Brand Loyalty (was Re: [MUD-Dev] Requirements for MM (wasComp lexities of MMOG Servers))

Damion Schubert damion at zenofdesign.com
Tue Jan 14 12:25:14 New Zealand Daylight Time 2003


>From Sasha Hart
> From Raph Koster

>> One of the flaws of Sims Online, to my mind, is that it's
>> inherently a skill-based game. Social skill, sure, but real life
>> skill nonetheless.
 
> Your more detailed criticism seems to provide ways out ("very very
> few ranking ladders, most of which select for the same
> things"). That suggests that skill-based games can redeem
> themselves if they do it right.

One of the more interesting problems I predicted might occur is that
their ladders become self-fulfilling prophecies.  If your lot is
popular, you are put on a 'top 100' list, which people can see, and
instantly click on your lot to teleport there.  Which makes you more
popular.  End result is that it seems that it would be very, very
hard to break into the top of the list.

I haven't had income lately, though, so I haven't been able to
confirm or deny my hypothesis, though.  Anyone whose playing notice
anything like this?

> I think a cut-off-the-nose solution is to tear out the nasty
> feedback loops created by persistence (you mention resets below),
> e.g., no one has any money, or (different) everyone has the same
> income. A more partial solution is to cut out the differences in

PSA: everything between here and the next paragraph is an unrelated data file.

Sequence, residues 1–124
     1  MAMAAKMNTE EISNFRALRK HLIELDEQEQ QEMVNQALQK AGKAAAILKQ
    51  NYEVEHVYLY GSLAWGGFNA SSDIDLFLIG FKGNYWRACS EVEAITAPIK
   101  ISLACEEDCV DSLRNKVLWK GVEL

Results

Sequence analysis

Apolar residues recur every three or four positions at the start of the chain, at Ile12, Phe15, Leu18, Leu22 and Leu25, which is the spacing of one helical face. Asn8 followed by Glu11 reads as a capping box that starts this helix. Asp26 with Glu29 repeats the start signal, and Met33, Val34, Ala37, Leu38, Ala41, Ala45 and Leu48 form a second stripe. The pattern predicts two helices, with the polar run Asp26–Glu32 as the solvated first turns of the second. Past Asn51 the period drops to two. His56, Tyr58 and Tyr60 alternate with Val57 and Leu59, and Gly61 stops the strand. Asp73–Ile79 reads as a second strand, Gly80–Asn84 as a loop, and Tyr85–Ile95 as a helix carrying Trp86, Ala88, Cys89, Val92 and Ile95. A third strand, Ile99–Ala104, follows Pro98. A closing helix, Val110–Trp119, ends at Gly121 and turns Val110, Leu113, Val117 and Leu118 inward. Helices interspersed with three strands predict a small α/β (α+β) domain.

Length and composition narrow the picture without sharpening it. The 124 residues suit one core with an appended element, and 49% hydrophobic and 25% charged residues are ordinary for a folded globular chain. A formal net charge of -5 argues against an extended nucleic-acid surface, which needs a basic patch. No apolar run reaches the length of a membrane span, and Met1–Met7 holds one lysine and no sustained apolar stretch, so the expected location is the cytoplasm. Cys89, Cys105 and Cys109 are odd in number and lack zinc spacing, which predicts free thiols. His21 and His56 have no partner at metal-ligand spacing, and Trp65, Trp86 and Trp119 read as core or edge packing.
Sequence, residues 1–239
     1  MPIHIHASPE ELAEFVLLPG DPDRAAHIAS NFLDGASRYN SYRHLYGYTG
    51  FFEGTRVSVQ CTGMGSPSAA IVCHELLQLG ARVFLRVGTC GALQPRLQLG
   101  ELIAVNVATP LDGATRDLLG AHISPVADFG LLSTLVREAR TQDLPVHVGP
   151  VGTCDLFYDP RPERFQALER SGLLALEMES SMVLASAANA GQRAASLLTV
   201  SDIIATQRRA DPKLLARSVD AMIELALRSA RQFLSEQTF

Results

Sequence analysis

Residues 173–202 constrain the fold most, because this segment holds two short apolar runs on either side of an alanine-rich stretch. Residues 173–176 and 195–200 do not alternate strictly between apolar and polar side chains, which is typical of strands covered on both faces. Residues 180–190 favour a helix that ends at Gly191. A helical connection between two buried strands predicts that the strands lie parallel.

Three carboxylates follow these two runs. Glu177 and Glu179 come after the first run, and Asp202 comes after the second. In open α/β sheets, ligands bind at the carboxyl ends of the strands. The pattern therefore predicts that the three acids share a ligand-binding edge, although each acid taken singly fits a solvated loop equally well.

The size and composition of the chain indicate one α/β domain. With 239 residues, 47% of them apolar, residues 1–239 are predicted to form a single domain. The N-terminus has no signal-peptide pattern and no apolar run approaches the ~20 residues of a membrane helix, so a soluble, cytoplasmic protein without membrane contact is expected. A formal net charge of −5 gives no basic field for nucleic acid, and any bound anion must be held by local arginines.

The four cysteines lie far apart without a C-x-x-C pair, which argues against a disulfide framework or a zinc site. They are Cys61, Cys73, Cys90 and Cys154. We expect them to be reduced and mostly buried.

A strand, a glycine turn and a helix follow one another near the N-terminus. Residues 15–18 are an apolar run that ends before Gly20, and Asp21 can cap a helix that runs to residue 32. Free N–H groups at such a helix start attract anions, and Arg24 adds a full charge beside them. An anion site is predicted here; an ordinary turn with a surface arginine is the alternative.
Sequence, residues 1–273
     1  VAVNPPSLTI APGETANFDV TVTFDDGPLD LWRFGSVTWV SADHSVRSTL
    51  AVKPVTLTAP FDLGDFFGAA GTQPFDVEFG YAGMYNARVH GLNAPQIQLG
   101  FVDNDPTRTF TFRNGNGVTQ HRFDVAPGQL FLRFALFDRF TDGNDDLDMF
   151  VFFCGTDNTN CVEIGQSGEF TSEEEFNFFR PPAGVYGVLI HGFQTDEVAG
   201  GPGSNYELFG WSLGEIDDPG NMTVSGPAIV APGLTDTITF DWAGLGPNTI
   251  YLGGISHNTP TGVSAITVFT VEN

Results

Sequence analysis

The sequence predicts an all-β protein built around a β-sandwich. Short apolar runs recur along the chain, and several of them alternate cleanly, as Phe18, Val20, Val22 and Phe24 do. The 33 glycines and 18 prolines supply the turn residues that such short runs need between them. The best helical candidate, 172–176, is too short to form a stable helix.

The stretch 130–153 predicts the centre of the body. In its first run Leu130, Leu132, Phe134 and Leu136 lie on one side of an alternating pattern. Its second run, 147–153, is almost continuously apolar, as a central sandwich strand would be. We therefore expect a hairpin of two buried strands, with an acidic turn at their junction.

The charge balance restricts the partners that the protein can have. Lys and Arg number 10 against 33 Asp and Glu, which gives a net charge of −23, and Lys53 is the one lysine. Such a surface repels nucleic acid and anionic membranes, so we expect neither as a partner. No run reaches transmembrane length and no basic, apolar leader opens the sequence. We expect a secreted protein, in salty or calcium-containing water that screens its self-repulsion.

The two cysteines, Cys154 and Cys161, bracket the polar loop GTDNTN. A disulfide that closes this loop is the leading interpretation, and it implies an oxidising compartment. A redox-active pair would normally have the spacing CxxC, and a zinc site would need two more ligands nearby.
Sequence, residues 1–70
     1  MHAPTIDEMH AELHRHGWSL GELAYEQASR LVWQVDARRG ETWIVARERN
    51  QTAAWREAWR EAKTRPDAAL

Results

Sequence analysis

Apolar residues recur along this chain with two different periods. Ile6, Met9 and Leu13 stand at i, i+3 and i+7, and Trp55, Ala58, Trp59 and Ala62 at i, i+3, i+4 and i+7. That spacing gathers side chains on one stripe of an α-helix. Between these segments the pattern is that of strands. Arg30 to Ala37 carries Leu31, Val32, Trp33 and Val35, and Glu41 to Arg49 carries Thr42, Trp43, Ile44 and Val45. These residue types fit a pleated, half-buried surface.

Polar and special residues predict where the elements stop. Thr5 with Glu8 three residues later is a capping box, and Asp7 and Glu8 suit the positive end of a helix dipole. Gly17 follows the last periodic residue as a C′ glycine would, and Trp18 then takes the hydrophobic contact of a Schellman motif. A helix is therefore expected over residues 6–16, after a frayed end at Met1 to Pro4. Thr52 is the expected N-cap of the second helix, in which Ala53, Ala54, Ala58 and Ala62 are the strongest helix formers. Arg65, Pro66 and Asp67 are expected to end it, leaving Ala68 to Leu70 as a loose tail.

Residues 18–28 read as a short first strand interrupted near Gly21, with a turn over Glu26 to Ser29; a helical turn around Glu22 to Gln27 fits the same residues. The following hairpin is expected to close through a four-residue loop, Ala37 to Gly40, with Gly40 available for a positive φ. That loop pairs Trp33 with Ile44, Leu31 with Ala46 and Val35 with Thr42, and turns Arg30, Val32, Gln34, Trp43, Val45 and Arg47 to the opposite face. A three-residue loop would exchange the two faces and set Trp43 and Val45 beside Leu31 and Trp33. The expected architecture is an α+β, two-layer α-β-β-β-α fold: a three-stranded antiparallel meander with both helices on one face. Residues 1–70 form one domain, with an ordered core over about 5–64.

> production based on how much you have, e.g., even playing field,
> so you might keep the inequality but it isn't necessarily the same
> people.

One angle to take is to basically disassociate character success
with these lists.  There are two ways to have money: work the pizza
object type treadmills, or be a superstar on the top 100 lists.  As
such, failure to make it on the lists only reinforces the daily doom
and gloom of your treadmill life.  Hmmm, perhaps this is more like
real life than I originally thought. =)

Instead, theoretically, you could (a) not give cash for top 100
placing (i.e. fame is its own rewards) and/or (b) improve the fun
factor of the treadmill.  The game I was working on recently also
had a third factor, which was to emphasize group fame over player
fame.  In short, if guilds or associations (or in our case, movie
studios) are competing, then a player with marginal skill can latch
into that organization and feel the rewards of being at the top
without having to be the best at anything.  Increasing the number of
'winners' is always good, and besides, teamplay is, as far as I'm
concerned, what makes MMPs fun to play anyway.

--d

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